The third installment of the Diamond League takes to the track tomorrow in Oslo. It will mark the beginning of a nine day period where we’ll get a blitz of three Diamond League events – Oslo, Rome and New York.
Oslo has a rich history of strong distance running and field event performances, and I don’t see that changing much tomorrow as the best matchups seem to be in those disciplines. There will be some individuals of note competing, with Asafa Powell (JAM) in the 100; Carmelita Jeter (USA) in a rare appearance over 200; Carolina Kluft (SWE) in the long jump; and local hero Andreas Thorkildsen in the javelin. But I’m looking for the most exciting matchups to occur in the the following five events.
|Men’s 800||WL: 1:43.00, David Rudisha - KEN||Best Entry: 1:43.00, David Rudisha - KEN|
Oslo gives us our first matchup this season between the two men I feel are the best half milers on the planet – David Rudisha (KEN) and Abubaker Kaki (SUD). Rudisha has been on fire all season long and appears to be ready to challenge the 1:41 zone this year. Kaki has been quiet since winning the World Indoor title earlier this year in Doha, opening up just this past weekend with a 1:45.66 victory in Hengelo. It will take much faster than that for Kaki to be close to Rudisha in Oslo. Kaki typically thrives in fast races and will have to forge one on Friday. Given Rudisha’s current state of fitness, Kaki could be the catalyst that takes him near 1:42.00. Watch the pace in the 3rd 200. If it’s fast we could see something special. This facility has seen 69 world records in it’s storied history, the best shot at one could be here, though I think it is still a tad early in the season. If the early pace goes below 50 seconds however, it could happen. At the least I expect Sebastian Coe’s meet record of 1:42.33 from 1979 to be in jeopardy.
|Men’s 5000||WL: 12:51.51, Eliud Kipchoge - KEN||Best Entry: 12:51.51, Eliud Kipchoge - KEN|
Matchup of World Leader Kipchoge – possibly the best at this distance outside of Kenenisa Bekele – and 10,000 World Leader Chris Solinsky (USA). Solisky stunned everyone with his 10,000 opener – a stunning world leading AR of 26:59.60. Oslo will be his first 5,000 of year – and is the event that has been his specialty in the past. Kipchoge will undoubtedly take the race under 13:00, which means that Solinsky will have to improve is PR considerably (13:12.24) in order to have a shot against this field. Dathan Ritzenhein set the current AR of 12:56.27 last year in Zurich. Solinsky’s 10,000 mark says he should be able to challenge that time. More important will be how well he “competes” with Kipchoge who I anticipate will be taking aim at Kenenisa Bekele’s meet record of 12:52.26. It would be nice to see Solinsky set a PR while being competitive and not just get pulled along in a fast race.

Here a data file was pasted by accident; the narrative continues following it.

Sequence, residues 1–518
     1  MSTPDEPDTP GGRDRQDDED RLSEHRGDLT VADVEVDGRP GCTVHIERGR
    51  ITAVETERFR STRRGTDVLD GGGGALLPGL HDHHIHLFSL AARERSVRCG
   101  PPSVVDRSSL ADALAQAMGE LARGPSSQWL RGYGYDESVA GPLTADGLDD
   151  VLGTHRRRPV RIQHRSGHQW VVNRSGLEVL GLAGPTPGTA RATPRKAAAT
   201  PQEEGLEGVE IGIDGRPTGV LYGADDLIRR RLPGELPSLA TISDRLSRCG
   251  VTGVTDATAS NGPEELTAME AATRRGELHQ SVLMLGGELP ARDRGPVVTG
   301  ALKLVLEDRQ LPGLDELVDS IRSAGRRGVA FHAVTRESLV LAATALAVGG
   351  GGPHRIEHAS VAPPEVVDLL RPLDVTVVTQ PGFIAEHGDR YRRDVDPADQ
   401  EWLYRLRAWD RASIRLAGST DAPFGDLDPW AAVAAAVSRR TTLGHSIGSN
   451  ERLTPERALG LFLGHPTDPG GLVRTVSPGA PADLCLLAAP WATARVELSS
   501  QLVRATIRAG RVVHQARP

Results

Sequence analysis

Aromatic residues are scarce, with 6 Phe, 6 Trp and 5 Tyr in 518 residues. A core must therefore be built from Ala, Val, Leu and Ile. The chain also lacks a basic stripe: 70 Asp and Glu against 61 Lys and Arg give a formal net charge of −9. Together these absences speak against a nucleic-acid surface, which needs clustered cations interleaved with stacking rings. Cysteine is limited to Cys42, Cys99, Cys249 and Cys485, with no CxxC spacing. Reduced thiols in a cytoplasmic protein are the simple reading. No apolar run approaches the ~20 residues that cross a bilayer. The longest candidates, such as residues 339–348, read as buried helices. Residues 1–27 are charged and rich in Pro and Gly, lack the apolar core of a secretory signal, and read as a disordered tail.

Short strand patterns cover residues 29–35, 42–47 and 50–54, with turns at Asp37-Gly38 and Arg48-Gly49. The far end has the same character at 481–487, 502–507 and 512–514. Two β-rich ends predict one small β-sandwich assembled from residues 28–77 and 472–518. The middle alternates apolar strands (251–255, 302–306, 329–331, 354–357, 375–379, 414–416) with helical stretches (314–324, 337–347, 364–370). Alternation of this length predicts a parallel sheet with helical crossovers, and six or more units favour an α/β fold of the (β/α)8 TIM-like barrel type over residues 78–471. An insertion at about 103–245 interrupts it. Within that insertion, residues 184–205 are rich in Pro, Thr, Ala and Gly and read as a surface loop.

|Men’s PV||WL: 19’ 4.75”, Steven Hooker - AUS||Best Entry: 19” 4.75”, Steven Hooker - AUS|
Hooker has vaulted well the last couple of seasons and has looked like he may be capable of jumping 20 ft having gone 19’ 8.25” in ‘08. He didn’t look good in his last competition in Doha, however, making it over the bar at only 18’ 0.5” and finishing 6th. American Derek Miles, on the other hand, is fresh off a season’s best vault of 19’ 0.75” this past weekend in Sacramento. The only two vaulters over 19 ft so far this year should give us a battle somewhere in the stratosphere near 19’ 6”. Hooker will need to get near there if he wants to vault 20 ft this year, and Miles looked like he was capable of hitting that mark this past weekend. This is a good vaulting venue having produced a 19’ 8.25” vault for Tim Lobinger back in 1999.
|Men’s SP||WL: 72’ 6.25”, Cory Martin - USA||Best Entry: 71’ 7.25”, Christian Cantwell - USA|
For several years the US has had a “Big 3” in the shot put of Adam Nelson, Christian Cantwell and Reese Hoffa. Reigning World Champion Cantwell has kept up his end of the bargain so far this year as he enters Oslo with the third best mark in the world. Hoffa, on the other hand, has only managed 69’ 4.25’ so far, and Nelson has yet to throw outdoors. All three have to be thinking about two US youngsters that are making serious inroads into their territory, as current world leader Cory Martin and #2 Ryan Whiting (71’ 7.5”), hit huge marks in the month of May – which should add a little extra incentive to what is already a good rivalry. Expect several throws over 70 ft in this competition. Cantwell is riding a 12 meet win streak and his confidence is high, if the others can pressure him he should challenge Martin’s world leader, or at least the meet record of 72’ 3.5”
|Women’s HJ||WL: 6’ 8.25”, Chaunte Lowe - USA||Best Entry: 6’ 8.25” Chaunte Lowe - USA|
Howard-Lowe doesn’t get much time to enjoy her AR and world leader as she gets to go head to head against reigning World Champion Blanka Vlasic (CRO). Vlasic has an outdoor PR of 6’ 9.75” and went 6’ 9” indoors earlier this season. She’s been on a roll for the past four years, and seems to thrive on competition. Howard-Lowe had an awesome series in Cottbus and has been consistent so far this season – jumping at least 6’ 6” in each of her last four outings. I expect Vlasic will want to show that she is still the queen while Lowe will want to prove she’s for real. This could be the best competition of the meet and they could finally give Oslo a new meet record. The current record of 6’ 8.75” having been set by Stefka Kostadinova way back in 1987!